The ideology behind Brexit is an affront to the values of progressive the left.
We often tend to think of Brexit only in terms of its adverse legal and economic consequences. Yet, the meaning of Brexit is more than just junking a set of legal arrangements between the UK and twenty-seven other European states. Brexitism, if I can coin that term, and the whole set of discourses which sustain it, are based on a frontal assault on the core values of the political left. These values inter alia are:
1. Universalism: the idea that people, irrespective of nation, religion or ethnicity, are of equal worth and should have the same rights and responsibilities.
2. Cosmopolitanism: the idea that the mixing of cultures has the potential to enrich, rather than undermine.
3. Liberalism: the idea that it not, in the first instance, up to society or the state to tell people how to live, but people should be able to do their own thing, providing they do not undermine the same right for others.
Brexit is an affront to each of those values. It addresses itself to the particularism of one people, not to people as people. It accredits value to one culture, a supposed Britishness and seeks to shut out others from its space. And it undermines the right of choice: the locking in or locking out of people at British borders - and by implication the persecution of those who straddle them.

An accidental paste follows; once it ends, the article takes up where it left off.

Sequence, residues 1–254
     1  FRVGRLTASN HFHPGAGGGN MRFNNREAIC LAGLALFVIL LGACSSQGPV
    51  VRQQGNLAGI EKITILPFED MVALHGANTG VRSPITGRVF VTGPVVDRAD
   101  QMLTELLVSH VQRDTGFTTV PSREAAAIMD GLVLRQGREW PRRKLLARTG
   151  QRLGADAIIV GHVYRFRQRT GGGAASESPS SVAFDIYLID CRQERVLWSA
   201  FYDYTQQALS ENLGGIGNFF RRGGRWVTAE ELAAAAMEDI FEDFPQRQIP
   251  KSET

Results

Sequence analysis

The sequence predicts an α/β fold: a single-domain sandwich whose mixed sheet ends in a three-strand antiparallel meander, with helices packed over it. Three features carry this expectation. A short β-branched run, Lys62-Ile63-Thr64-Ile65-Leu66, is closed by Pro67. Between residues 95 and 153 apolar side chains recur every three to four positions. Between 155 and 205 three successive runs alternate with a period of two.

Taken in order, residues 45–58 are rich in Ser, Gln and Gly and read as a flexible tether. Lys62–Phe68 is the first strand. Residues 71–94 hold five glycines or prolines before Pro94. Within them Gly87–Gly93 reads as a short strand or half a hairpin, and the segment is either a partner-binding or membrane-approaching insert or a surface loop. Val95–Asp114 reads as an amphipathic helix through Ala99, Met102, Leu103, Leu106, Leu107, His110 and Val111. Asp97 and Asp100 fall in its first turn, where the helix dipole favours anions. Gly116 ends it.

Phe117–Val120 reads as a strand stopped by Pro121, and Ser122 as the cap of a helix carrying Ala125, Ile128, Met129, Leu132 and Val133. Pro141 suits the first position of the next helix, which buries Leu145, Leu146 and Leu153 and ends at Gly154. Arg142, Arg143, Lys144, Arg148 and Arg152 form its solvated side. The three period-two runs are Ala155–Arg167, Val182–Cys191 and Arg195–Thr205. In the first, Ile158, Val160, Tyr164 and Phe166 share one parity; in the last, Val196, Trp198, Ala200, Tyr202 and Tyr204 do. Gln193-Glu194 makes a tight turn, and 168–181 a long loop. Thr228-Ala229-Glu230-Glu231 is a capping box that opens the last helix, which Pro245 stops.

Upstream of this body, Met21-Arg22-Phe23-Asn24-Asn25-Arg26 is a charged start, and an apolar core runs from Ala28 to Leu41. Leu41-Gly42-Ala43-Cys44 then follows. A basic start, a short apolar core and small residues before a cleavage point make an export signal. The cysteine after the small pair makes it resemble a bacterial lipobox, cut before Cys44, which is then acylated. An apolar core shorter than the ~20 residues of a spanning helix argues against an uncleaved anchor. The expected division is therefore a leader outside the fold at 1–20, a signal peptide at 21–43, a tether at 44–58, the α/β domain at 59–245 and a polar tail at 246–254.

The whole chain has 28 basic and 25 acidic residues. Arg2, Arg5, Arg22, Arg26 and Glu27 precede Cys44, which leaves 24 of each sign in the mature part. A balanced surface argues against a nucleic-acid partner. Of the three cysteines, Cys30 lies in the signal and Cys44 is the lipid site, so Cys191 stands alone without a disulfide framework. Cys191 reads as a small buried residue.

Ukipery circulated the virus of Brexitism, which took hold - principly among England's non-metropolitan middle class and in its post-industrial wastelands and rotting seaside resorts - to such an extent that it won a majority of the voting electorate in June 2016. But today that virus has spread to take hold of the Conservative Party and government. It is present in what we might call National Labour, too (e.g. Frank Field, Kate Hoey, et al.) and casts a long shadow over Labour as a whole. In short, it is a pollutant across British society.
The election of Jeremy Corbyn as Labour leader in 2015 was the biggest victory for the Left in Britain in a generation, but we need to make sure sure that Corbynism promotes universalism, cosmopolitanism and liberalism at the heart of its political thinking.